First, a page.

Use this URL to cite or link to this record in EThOS: http://ethos.bl.uk/OrderDetails.do?uin=uk.bl.ethos.537386
Title: Social conflict in construction-related inter-organizational collectives : a comparative analysis and structural equation model
Author: Osborne, Allan N.
Awarding Body: Northumbria University
Current Institution: Northumbria University
Date of Award: 2005
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Abstract:
Irrespective of the groundswell of interest in construction industry conflict during the last two decades, there has been comparatively little research conducted that attempts to investigate the association between social conflict and ineffective construction industry inter-organizational relationships. This is despite the growing recognition that conditions conducive to effective social relationships between interdependent organizations contribute towards improved industrial productivity. This doctoral thesis contributes to the existing literature and empirical database on construction industry conflict by reporting the findings of a research project designed to explore the comparative organizational properties that encourage interdependence and the emergence of inter-organizational conflict during the construction process. The investigation builds upon and moderates an earlier comparative analysis of inter- organizational conflict by Molnar and Rogers (1979) in order to formulate a novel structural equation model. It includes as its database six case studies of medium- to large-scale new-build construction projects, selected from the north-eastern region of England, from which the networks of social relationships within the collectivities of construction-related organizations were examined from the perspective of the exogenous and endogenous comparative organizational properties. Primary data were collected during semi-structured interviews with twenty-three boundary role representatives of the twelve construction-related organizations responsible for the design and construction of the observed projects. The resultant structural equation model provides insight into the occurrence of inter-organizational conflict within the UK construction industry, in addition to explaining the key factors that influence the occurrence of ineffective construction industry inter-organizational relationships. In essence, this doctoral investigation has demonstrated the potential ability to predict the likelihood that social conflict will arise between interdependent construction- related organizations. Furthermore, it has paved the way for additional studies to be conducted to further understand the complex and intriguing aspects of construction industry inter-organizational relationships by presenting an accurately specified theoretical framework and an appropriately grounded methodological approach.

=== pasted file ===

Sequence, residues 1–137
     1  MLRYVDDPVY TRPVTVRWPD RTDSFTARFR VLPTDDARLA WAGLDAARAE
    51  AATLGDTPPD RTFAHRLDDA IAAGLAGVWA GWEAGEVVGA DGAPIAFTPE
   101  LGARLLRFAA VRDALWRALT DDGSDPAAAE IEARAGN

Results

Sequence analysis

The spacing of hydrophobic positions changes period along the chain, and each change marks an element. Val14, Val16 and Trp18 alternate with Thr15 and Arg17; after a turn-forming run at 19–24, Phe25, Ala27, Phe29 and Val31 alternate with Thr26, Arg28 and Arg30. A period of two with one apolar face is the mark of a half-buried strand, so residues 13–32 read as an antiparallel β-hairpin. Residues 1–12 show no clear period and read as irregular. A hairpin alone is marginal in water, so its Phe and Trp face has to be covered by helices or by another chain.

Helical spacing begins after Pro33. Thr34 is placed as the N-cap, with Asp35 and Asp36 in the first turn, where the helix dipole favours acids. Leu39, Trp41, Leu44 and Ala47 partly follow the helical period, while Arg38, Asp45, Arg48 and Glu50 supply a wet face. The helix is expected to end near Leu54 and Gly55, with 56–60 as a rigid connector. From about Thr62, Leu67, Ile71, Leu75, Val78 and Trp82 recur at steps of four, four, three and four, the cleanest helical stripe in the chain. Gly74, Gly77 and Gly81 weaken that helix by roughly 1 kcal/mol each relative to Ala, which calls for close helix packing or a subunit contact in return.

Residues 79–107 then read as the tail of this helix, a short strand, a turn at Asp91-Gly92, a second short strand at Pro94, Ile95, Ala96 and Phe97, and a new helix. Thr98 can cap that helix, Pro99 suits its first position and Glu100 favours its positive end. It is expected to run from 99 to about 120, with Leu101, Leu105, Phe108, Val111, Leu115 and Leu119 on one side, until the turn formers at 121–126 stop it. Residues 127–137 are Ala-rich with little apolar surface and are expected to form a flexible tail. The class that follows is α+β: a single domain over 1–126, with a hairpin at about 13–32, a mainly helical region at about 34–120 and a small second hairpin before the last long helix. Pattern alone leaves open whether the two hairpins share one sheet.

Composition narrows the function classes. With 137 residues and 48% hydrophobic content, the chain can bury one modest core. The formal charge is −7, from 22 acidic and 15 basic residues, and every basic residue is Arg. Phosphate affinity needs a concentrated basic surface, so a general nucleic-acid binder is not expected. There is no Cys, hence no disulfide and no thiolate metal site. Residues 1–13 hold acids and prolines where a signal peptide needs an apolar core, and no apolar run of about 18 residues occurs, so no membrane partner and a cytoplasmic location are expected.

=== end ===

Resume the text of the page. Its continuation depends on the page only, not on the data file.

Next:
Supervisor: Greenwood, David Sponsor: Not available
Qualification Name: Thesis (Ph.D.) Qualification Level: Doctoral
EThOS ID: uk.bl.ethos.537386  DOI: Not available
Keywords: K200 Building
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